Get your hard-hats on again everyone! We’ve got two new reviews in of Terry Grimwood’s Bloody War. We’ve counted all our fingers and toes, and we seem to have survived again… and may even win a medal yet.
Steven Scanner, writing over at the Mass Movement Magazine website writes:
“…This is Grimwood’s first full novel and it’s an impressive, well visualised piece of fiction. His depiction of an embattled UK is extremely vivid; virtually to the point where you can smell the suppressed, insinuated violence… and the decaying dead. Grimwood’s characterisation is pointed and concise with only that of Pete Allman being analysed intimately. There is an authenticity about the characters, rendering them tangible and alive with realised personalities and temperaments. I also appreciated Grimwood’s ability to drop some subtle music references into the story, be it The Who, Thin Lizzy or Black Sabbath.Comparisons are no doubt going to level Bloody War with Orwell’s 1984. Both books suggest individualism is a punishable crime; both paint a subservient, politically apathetic society where advanced surveillance and misinformation keeps the people pacified; both focus on a subversive, humanist antihero; both feature a war against an unknown, unseen enemy. The error of the comparison is that 1984 looked forward, making an ideological, political statement, whereas Bloody War is set in the present and, while political (the Enemies Of Democracy has clear parallels with the Bush-instigated War On Terror), retains a more personal, conversational perspective.This is a highly engaging thriller which, when considered as a whole, has ramifications that border the horrific. Definitely recommended – and I haven’t even mentioned the jarring, electrifying, never-saw-it-coming finale…”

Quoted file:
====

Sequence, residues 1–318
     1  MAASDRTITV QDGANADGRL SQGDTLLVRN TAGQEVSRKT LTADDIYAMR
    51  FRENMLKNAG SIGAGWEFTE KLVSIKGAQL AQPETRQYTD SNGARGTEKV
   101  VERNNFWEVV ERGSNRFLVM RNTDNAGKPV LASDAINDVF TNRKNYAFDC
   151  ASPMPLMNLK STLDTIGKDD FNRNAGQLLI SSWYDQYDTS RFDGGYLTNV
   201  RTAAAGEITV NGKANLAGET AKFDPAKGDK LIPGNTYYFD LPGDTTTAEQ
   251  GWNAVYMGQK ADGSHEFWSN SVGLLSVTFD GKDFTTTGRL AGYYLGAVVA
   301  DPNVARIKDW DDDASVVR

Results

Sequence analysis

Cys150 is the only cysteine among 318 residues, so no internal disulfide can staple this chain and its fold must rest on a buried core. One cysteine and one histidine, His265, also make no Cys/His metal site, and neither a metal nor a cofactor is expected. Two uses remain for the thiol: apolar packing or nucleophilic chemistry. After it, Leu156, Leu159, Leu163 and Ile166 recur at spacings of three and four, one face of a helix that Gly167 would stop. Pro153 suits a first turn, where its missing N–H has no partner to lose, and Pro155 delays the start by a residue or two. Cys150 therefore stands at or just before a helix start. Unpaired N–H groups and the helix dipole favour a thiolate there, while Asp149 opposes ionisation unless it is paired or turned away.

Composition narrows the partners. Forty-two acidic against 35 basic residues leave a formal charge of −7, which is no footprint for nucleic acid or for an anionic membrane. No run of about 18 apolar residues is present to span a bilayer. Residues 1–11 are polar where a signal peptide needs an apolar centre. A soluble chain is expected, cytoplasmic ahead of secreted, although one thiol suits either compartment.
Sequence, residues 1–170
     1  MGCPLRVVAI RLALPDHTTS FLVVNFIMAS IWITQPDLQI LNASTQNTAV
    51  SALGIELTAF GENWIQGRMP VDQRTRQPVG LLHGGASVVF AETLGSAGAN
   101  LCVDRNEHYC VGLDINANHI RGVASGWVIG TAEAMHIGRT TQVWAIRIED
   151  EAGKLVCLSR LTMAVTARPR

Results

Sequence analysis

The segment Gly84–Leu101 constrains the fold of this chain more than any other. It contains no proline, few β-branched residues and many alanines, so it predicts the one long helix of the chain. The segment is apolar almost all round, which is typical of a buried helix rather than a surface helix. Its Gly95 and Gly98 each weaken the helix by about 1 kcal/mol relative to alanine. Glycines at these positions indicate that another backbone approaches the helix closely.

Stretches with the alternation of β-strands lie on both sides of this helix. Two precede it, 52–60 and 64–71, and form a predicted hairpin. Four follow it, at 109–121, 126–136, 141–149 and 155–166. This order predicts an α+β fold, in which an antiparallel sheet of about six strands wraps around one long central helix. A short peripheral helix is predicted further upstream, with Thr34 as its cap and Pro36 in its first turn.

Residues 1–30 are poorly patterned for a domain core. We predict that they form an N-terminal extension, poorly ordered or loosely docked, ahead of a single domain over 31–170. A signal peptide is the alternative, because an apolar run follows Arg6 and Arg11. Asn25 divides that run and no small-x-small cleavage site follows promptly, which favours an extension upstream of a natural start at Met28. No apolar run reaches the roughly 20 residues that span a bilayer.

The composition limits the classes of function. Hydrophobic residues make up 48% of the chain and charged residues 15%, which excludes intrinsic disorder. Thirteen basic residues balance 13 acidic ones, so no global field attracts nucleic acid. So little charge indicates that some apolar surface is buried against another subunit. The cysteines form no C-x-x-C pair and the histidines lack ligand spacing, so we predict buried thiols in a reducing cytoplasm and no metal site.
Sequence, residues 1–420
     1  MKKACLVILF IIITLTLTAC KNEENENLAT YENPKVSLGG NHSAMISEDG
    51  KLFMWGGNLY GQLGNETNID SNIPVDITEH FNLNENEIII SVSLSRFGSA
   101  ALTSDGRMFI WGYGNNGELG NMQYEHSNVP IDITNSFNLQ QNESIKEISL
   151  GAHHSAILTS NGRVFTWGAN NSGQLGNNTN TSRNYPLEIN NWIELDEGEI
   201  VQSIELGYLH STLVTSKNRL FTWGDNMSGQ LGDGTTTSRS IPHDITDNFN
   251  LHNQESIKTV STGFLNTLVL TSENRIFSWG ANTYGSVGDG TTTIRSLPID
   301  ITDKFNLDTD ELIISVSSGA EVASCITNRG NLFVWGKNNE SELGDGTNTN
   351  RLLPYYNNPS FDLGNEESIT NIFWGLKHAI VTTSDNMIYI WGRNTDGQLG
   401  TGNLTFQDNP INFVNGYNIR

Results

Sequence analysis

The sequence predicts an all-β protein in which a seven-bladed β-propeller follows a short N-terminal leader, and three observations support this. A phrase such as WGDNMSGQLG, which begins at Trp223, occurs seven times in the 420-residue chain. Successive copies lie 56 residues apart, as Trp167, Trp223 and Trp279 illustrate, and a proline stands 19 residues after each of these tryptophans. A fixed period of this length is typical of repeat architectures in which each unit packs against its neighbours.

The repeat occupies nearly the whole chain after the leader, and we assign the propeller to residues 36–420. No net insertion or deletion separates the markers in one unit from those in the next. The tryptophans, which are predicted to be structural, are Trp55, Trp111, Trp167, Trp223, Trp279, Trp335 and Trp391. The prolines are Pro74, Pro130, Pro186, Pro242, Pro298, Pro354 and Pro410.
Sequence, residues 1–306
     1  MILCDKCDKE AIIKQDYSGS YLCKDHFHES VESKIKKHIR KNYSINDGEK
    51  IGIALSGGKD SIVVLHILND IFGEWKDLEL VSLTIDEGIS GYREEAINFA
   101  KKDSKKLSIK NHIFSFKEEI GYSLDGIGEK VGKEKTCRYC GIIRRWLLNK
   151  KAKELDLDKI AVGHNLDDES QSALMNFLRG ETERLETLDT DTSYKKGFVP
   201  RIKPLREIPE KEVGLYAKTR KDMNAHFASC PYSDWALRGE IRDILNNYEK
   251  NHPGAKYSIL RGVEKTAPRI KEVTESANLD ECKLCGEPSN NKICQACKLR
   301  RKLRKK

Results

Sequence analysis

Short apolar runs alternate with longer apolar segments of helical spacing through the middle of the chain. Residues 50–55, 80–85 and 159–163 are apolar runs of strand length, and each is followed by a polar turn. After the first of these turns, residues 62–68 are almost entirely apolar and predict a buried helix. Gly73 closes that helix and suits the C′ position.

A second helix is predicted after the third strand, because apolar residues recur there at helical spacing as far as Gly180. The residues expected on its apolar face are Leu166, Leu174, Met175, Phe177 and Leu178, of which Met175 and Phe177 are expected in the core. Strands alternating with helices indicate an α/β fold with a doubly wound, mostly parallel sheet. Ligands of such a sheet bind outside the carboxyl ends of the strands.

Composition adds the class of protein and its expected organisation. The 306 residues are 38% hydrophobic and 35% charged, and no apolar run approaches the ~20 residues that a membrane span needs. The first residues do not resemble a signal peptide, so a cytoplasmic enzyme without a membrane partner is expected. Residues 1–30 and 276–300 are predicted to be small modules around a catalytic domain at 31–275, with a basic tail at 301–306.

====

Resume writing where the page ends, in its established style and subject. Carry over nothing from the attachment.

Then we have Matthew Tait writing over at his “Different Masks” blog, who writes:
“…Is this a political novel? It is if you have been following current world advents and have numerous questions surrounding the validity of those advents. In this respect the book resonates on an emotional level that almost induces anger. Who are we really fighting in any war? Who are the real leaders? The lines are not black and white anymore, if they ever were, and Pete’s personal journey is like a reflection for humanity as a whole. Although the majority march blindly to the war drums in any crusade, there is hope, for there will always be those who step out of the throng and entice others to follow. With a healthy smattering of George Orwell’s 1984 merged with the cat and mouse chase of celluloid excursions like Blade Runner and Minority Report, Terry Grimwood brings modern warfare all bloody and shrieking right into the dark heart of Western Society…”
Thanks, guys, for these in-depth analyses of the book. Bring ’em on!